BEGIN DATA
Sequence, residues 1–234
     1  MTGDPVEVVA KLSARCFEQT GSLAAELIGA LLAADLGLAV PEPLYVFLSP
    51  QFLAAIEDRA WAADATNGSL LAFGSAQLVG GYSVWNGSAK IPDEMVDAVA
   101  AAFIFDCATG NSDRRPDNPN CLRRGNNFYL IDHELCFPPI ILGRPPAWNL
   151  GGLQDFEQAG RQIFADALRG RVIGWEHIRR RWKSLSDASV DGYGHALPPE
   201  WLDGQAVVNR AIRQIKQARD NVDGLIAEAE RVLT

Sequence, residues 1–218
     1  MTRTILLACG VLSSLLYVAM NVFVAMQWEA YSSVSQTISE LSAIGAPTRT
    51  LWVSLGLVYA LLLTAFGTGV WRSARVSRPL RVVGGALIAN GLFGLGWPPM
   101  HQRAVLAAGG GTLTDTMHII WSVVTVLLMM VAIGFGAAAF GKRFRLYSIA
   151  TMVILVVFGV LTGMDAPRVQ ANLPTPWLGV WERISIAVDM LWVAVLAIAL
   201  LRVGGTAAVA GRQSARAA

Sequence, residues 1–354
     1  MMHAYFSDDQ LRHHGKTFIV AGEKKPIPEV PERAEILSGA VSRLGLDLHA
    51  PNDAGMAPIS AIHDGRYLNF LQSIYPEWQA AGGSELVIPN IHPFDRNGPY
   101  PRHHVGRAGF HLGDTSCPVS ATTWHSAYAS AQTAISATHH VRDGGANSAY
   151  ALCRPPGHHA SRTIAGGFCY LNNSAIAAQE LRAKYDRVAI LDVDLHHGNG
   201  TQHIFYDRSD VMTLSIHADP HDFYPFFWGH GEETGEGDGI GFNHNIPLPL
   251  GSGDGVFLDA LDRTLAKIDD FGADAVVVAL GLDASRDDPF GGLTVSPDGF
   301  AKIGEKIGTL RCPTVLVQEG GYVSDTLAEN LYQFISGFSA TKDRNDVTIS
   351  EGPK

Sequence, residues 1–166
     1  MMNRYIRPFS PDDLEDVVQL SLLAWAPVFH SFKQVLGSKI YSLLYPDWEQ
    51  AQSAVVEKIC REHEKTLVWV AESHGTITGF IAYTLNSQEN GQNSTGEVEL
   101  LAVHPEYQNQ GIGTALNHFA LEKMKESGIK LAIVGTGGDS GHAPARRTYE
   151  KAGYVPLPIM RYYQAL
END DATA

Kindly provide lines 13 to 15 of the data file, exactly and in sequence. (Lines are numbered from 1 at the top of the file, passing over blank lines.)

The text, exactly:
Sequence, residues 1–354
     1  MMHAYFSDDQ LRHHGKTFIV AGEKKPIPEV PERAEILSGA VSRLGLDLHA
    51  PNDAGMAPIS AIHDGRYLNF LQSIYPEWQA AGGSELVIPN IHPFDRNGPY